The coil bodies have an active running surface 5 on their side turned outward which in turn has a circular pitch that is flowed through by the magnetic flow. The circular pitch consists of teeth and tooth gaps, with the tooth gaps usually being filled with a magnetically non-conductive material in order to create an even active running surface 5.

In the embodiment shown, the linear drive furthermore has a thin movably mounted toothed plate 10 and a fixed reflux element 11. The toothed plate 10 and the passive reflux element 11 together form the passive element of the linear drive relative to the magnetic flow. The course of the generated magnetic flow is shown in the detailed enlargement contained in FIG. 1 by single lines 12. The magnetic flow originates from the teeth of the active running surface 5, penetrates the magnetically conductive teeth 13 of the toothed plate 10 and then enters the reflux element 11 made of a soft iron material which closes the magnetic circuit. In order to reduce any eddying currents in the reflux element 11, it may be made as a sheet metal construction (composed of individual metal sheets) in a manner that is known per se.

In the embodiment shown in FIG. 1, the reflux element 11 has teeth as well that form a passive running surface 14. In other embodiments, the passive running surface 14 may also be designed as a plane surface since the circular pitch necessary for the generation of the drive forces is mandatory only in the toothed plate 10.

The toothed plate 10 is therefore movably mounted between the active unit 1 and the reflux element 11, with the mounting being formed by several air nozzles 15 that provide an air bearing for the toothed plate 10.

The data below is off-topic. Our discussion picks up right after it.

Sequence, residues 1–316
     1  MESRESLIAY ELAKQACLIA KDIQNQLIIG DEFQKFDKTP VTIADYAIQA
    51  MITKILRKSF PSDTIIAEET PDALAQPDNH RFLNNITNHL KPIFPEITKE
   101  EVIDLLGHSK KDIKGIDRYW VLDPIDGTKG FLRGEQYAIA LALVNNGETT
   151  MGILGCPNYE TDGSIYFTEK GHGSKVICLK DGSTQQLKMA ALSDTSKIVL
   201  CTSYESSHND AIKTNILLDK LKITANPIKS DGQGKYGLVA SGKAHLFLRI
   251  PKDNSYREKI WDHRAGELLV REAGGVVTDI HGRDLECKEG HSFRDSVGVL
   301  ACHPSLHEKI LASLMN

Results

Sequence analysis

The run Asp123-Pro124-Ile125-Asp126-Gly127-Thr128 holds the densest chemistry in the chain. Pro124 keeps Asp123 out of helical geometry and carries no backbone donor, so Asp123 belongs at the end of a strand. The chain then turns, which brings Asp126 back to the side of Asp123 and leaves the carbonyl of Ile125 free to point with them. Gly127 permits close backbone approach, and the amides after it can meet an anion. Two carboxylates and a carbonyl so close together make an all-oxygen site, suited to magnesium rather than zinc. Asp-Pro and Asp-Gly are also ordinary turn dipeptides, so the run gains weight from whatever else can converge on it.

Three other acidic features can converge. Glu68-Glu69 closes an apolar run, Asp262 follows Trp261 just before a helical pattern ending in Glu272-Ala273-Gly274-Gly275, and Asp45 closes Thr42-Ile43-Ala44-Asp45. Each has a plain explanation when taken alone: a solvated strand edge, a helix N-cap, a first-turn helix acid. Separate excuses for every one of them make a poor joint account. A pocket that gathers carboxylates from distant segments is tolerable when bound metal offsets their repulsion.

Depending on the actuating method chosen, the electrical coiling 4 may course through two soft iron cores lying next to each other or it can in each case be attached to an independent soft iron core 3. The coiling technique mentioned first is shown, for example, in the state of the art mentioned in the introduction of the description. In modified embodiments, it would also be possible to connect the coiling 4 with a partial coiling that is attached to an additional coil body located in a second active unit (not shown). In this case, this second active unit replaces the reflux element 11 and is positioned on the other side of the toothed plate 10.

Likewise, it would be possible to magnetically connect the coil body of the active unit with the reflux element or, respectively, a section thereof, via an iron yoke. The magnetic circuit would continue to run through the teeth of the toothed plate as desired. However, with this arrangement it would be possible to generate greater drive forces per area of the toothed plate, if necessary.

The toothed plate 10 consists, for example, of a carrier plate 20 which has a multitude of recesses in which the individual teeth 13 are arranged. In this case, the carrier plate 20 is made of a magnetically non-conductive material, for example ceramic. But it would also be possible to make the toothed plate 10 of a soft iron material, with the individual teeth 13 being magnetically connected with each other on the side turned away from the active unit 1 by means of a thin plate or, respectively, foil that forms a reflux segment. This reflux segment would then interact with the reflux element 11, with regard to which the teeth on the passive running surface 14 can be dispensed with.

FIG. 2 shows a simplified cross sectional view of a linear drive in accordance with the invention. To the extent that elements with the same function as in the drive shown in FIG. 1 are used, they were identified with the same reference numbers. A decisive peculiarity of the invention can be seen in the fact that attached to the moving toothed plate, there is a lateral guiding plate that is essentially vertical to the toothed plate. The lateral guiding plate 30 runs in a guiding gap 31 which in the embodiment shown is positioned in the symmetry plane of the reflux element 11. The lateral guiding plate 30 is preferably made of the same material as the toothed plate 10, e.g. ceramic, whereby different thermally caused expansions are avoided.